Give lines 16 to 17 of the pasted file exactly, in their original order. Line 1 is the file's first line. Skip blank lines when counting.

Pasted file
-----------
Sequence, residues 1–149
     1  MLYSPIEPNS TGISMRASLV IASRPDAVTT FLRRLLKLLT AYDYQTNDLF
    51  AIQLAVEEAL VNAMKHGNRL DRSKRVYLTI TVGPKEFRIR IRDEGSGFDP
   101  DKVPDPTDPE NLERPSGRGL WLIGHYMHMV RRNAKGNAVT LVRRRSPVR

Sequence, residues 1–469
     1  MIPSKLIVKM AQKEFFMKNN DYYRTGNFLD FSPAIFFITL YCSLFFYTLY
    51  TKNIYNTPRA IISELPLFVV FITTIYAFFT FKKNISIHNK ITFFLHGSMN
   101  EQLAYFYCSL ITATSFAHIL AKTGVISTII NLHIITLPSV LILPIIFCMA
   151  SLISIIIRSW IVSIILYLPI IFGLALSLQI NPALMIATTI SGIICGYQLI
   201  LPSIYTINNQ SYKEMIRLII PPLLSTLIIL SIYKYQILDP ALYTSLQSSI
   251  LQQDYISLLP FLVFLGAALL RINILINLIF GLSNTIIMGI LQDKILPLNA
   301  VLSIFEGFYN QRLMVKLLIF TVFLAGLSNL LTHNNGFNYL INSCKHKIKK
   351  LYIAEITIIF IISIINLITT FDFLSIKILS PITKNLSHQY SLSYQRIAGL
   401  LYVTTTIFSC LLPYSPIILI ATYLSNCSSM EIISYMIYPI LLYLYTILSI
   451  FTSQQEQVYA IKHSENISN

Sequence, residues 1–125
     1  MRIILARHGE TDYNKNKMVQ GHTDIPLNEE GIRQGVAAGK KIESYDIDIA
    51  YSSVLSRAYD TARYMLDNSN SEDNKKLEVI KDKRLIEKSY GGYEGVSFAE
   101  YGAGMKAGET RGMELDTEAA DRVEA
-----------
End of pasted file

Sequence, residues 1–125
     1  MRIILARHGE TDYNKNKMVQ GHTDIPLNEE GIRQGVAAGK KIESYDIDIA